Russia’s economy shrinks sharply as war and sanctions take hold

The Russian economy contracted sharply in the second quarter. The country bore the brunt of the economic fallout from the war in Ukraine.

Russia’s statistics office said on Friday that the economy contracted by 4% year-on-year from April to June. This is the first quarterly gross domestic product report to fully capture the changes in the economy since the February invasion of Ukraine. This was a sharp reversal from the first quarter, when economic growth was his 3.5%.

Western sanctions, which cut Russia off from about half of its $600 billion emergency stockpile of foreign currency and gold reserves, impose severe restrictions on transactions with Russian banks, cut off access to American technology, and what Hundreds of major Western companies were urged to leave the country. .

But even as imports to Russia dried up, financial transactions were blocked, and the country was forced to default on its foreign debt, the Russian economy turned out to be more resilient than some economists had originally expected. The GDP decline reported on Friday was less severe. It was expected by some as global prices rose and the country’s coffers were flooded with energy revenues.

But analysts say the economic hit will be greater as Western countries increasingly turn away from Russia’s oil and gas, a key source of export revenue.

Laura Solanko, senior adviser to the Bank of Finland Institute for Transition Economics, said of the Russian economy, “We were expecting a significant decline this year. She said the economy would slip into a shallower recession than two years ago.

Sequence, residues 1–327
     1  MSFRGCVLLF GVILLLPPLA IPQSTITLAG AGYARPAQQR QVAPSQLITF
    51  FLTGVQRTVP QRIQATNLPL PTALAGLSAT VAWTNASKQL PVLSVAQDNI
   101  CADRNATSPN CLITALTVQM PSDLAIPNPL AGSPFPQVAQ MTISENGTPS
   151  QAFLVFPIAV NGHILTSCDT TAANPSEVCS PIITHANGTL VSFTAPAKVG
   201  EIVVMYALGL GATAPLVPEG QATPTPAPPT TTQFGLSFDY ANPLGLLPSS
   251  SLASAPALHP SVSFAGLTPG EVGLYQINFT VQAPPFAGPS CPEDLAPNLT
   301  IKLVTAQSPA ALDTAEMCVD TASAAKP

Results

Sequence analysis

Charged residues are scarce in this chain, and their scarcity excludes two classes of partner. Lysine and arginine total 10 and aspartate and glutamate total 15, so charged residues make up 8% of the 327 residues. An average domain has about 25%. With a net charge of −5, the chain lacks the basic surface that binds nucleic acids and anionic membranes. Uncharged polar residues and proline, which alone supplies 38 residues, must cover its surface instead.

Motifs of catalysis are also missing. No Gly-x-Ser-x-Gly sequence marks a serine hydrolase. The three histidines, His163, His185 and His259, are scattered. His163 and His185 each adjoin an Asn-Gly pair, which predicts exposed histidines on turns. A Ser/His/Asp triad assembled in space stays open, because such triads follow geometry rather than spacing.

Russia, which boasted a $1.5 trillion economy before the war began, acted quickly to mitigate the effects of sanctions in the days following the invasion. The central bank has raised interest rates to her 20%, more than double her, severely restricted the flow of money out of the country, halted stock trading on the Moscow Stock Exchange, and eased restrictions on banks so that lending could slow down. I tried not to stay. The government also increased social spending to support households and lending to businesses hit by sanctions.

This measure has dampened some of the impact of the sanctions. And Russia’s finances benefited from higher oil prices as the ruble rebounded.

‘Russia endured the first sanctions shock’ “It’s been relatively resilient so far,” said Dmitry Dolgin, chief economist for Russia at Dutch bank ING. But he pointed out that unless Russia succeeds in diversifying its trade and finances, the economy will weaken in the long run.

According to the Bureau of Statistics, retail trade fell by about 10% and wholesale trade by 15%.

Michael S. Bernstam, a researcher at the Hoover Institution at Stanford University, said the data released on Friday were consistent with other reports from Russia. He, too, expects the economy to deteriorate later this year and again in 2023.